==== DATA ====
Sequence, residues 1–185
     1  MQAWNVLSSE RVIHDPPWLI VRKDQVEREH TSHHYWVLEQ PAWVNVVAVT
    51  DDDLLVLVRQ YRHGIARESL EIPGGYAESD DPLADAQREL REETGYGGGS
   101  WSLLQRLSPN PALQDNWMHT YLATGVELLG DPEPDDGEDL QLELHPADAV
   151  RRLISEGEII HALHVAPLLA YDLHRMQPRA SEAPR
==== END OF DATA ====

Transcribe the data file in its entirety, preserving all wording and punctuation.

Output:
Sequence, residues 1–185
     1  MQAWNVLSSE RVIHDPPWLI VRKDQVEREH TSHHYWVLEQ PAWVNVVAVT
    51  DDDLLVLVRQ YRHGIARESL EIPGGYAESD DPLADAQREL REETGYGGGS
   101  WSLLQRLSPN PALQDNWMHT YLATGVELLG DPEPDDGEDL QLELHPADAV
   151  RRLISEGEII HALHVAPLLA YDLHRMQPRA SEAPR